4 cognitivism

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COGNITIVISM

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4 cognitivism

  1. 1. Cognitivism
  2. 2. Last Week: Behaviourism
  3. 3. Cognitivism The cognitivist revolution replaced behaviourism in 1960s/1970s as the dominant paradigm. We recall Chomskys argument that language could not be acquired purely through conditioning (even though radical behaviourists never argued that), and must be at least partly explained by the existence of internal mental states.
  4. 4. Cognitivism Cognitivism argues that the “black box” of the mind should be opened and understood. The learner is viewed as an information processor. …or a computer
  5. 5. Cognitivism Mental processes such as thinking, memory, knowing, and problem-solving need to be explored. Knowledge can be seen as schema or symbolic mental constructions. Learning is defined as change in a learner’s schemata.
  6. 6. SHOCK – HORROR - DISMAY There is a great deal of ambiguity in the education literature as to what constitutes Cognitivism, and how it different from Constructivism What follows is my take on things…
  7. 7. SHOCK – HORROR - DISMAY There is a great deal of ambiguity in the education literature as to what constitutes Cognitivism, and how it different from Constructivism What follows is my take on things… CognitiveProto-Cognitivism Cognitivism Constructivism Constructivism
  8. 8. Proto-Cognitivism:Gestalt Psychology
  9. 9. Gestalt Psychology Gestalt - "essence or shape of an entitys complete form" "Thewhole is greater than the sum of the parts" is often used when explaining Gestalt theory.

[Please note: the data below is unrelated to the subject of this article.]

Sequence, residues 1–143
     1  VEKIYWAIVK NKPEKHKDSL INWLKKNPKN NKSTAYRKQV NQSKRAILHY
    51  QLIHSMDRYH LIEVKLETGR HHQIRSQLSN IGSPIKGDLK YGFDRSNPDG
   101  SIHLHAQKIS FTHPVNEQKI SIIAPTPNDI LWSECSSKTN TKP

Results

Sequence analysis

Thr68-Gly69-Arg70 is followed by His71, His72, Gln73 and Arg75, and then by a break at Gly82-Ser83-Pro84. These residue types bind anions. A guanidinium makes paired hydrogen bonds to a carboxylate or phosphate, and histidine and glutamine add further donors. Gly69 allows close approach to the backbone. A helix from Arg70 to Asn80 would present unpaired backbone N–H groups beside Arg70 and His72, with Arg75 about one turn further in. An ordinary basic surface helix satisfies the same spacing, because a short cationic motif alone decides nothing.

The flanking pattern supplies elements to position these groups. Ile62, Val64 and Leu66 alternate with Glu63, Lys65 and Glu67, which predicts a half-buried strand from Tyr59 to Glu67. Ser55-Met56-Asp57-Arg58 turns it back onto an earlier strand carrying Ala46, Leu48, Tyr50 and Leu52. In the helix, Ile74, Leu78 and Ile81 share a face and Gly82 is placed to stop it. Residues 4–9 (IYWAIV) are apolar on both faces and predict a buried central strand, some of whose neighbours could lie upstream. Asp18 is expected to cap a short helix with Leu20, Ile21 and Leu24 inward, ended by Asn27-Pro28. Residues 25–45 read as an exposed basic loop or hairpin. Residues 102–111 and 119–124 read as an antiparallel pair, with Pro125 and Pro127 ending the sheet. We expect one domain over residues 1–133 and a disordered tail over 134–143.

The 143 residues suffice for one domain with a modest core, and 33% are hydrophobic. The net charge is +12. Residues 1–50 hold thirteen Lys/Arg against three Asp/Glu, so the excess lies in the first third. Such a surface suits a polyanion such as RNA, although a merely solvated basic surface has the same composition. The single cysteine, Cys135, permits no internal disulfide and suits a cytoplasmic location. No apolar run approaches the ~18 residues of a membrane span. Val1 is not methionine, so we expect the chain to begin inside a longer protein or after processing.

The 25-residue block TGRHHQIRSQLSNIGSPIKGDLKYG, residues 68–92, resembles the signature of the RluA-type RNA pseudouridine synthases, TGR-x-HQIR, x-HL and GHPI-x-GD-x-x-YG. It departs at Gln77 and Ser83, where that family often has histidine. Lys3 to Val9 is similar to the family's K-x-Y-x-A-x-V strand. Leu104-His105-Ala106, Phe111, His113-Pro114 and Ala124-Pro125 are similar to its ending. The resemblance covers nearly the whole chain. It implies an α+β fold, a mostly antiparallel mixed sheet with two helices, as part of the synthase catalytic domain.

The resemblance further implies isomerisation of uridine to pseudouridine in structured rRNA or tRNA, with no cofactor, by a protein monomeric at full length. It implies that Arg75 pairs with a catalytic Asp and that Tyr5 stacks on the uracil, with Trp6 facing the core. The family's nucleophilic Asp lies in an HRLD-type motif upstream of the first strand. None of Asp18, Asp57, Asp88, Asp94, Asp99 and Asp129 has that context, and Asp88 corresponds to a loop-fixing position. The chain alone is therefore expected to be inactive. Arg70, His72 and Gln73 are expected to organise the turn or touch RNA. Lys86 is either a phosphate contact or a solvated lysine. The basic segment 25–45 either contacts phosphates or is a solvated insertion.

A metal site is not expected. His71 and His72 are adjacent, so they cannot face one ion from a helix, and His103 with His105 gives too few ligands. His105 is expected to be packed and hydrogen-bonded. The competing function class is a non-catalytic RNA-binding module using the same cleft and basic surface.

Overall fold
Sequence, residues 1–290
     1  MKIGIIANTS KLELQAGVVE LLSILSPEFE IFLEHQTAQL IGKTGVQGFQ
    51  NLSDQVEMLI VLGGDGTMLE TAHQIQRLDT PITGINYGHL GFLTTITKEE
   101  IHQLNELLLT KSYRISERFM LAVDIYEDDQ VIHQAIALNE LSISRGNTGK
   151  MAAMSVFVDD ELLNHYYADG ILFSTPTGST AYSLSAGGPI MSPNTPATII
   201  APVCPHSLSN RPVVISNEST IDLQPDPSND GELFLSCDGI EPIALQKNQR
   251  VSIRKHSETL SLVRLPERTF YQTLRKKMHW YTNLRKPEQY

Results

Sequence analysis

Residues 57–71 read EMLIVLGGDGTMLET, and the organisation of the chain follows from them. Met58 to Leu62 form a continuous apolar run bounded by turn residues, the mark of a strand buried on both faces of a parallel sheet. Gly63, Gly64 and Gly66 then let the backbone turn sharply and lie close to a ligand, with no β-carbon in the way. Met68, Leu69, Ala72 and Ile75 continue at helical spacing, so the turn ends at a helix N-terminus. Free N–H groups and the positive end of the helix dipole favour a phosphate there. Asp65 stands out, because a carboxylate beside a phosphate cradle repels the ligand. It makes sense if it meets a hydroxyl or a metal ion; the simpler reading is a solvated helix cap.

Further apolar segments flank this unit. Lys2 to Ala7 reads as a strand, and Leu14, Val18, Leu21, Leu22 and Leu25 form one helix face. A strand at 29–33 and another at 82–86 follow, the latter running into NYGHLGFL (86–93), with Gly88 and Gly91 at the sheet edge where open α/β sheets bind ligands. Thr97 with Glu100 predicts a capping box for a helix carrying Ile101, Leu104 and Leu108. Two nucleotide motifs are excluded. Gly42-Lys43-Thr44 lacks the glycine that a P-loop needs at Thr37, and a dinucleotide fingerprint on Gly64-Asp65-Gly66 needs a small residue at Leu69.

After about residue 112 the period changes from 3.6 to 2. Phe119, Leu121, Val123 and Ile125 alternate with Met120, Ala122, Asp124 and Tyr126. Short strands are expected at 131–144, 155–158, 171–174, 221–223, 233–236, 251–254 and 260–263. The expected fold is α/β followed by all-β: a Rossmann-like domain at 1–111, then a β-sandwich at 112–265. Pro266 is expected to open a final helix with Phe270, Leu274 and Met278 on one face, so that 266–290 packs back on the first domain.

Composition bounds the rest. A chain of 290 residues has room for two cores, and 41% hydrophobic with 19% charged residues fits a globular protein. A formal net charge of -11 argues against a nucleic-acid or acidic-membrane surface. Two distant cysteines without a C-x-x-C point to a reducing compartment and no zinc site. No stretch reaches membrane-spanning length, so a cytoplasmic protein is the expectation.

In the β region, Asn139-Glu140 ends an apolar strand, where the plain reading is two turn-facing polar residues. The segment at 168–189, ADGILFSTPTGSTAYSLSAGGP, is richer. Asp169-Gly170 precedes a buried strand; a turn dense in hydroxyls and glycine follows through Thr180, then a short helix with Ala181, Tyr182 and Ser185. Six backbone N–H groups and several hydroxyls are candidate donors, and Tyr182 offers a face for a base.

10. 10. Gestalt Psychology Butit is better stated that the qualities of the whole have additional qualities that that parts do not have, e.g. the four lines on the right have the additional quality of “squareness” that the lines on the left do not.
  11. 11. Gestalt Psychology Gestaltistssee objects as perceived within an environment according to all of their elements taken together as a global construct.
  12. 12. Max Wertheimer Born April 15, 1880 Died Oct 12, 1943 Born in Prague, Czech Republic Psychologist Father of Gestalt psychology
  13. 13. Inspiration In 1910 he bought a toy stroboscope He saw two separate and alternating light patterns He discovered that if the spacing, on-time, and off- time were just right for these lights, his mind would perceive the dual lights as one single flashing light moving back and forth
  14. 14. Phi phenomenon a perceptual illusion in which a perception of motion is produced by a succession of still images. Lead to important questions about how perception and the brain works.
  15. 15. Kurt Koffka Born March 18, 1886 Died Nov 22, 1941 Born in Berlin, Germany Psychologist Another of the founders of Gestalt psychology Learning theorist
  16. 16. Theories on learning Koffka believed that most of early learning is what he referred to as, "sensorimotor learning," which is a type of learning which occurs after a consequence. For example, a child who touches a hot stove will learn not to touch it again.
  17. 17. Theories on learning Koffka also believed that a lot of learning occurs by imitation, though he argued that it is not important to understand how imitation works, but rather to acknowledge that it is a natural occurrence. According to Koffka, the highest type of learning is “ideational learning”, which makes use of language.
  18. 18. Wolfgang Köhler Born in Jan 21, 1887 Died in June 11, 1967 Born in Reval (now Tallinn), Estonia Psychologist and phenomenologist Another of the founders of Gestalt psychology
  19. 19. Problem solving In 1913, Köhler went to the island of Tenerife in the Canary Islands for six years Köhler observed the manner in which chimpanzees solve problems, such as that of retrieving bananas when positioned out of reach. He found that they stacked wooden crates to use as makeshift ladders, in order to retrieve the food. If the bananas were placed on the ground outside of the cage, they used sticks to lengthen the reach of their arms.
  20. 20. Problem solving Köhler concluded that the chimps had not arrived at these methods through trial-and-error (which American psychologist Edward Thorndike had claimed to be the basis of all animal learning, through his law of effect), but rather that they had experienced an insight (also sometimes known as an “aha experience”), in which, having realized the answer, they then proceeded to carry it out in a way that was, in Köhler’s words, “unwaveringly purposeful”.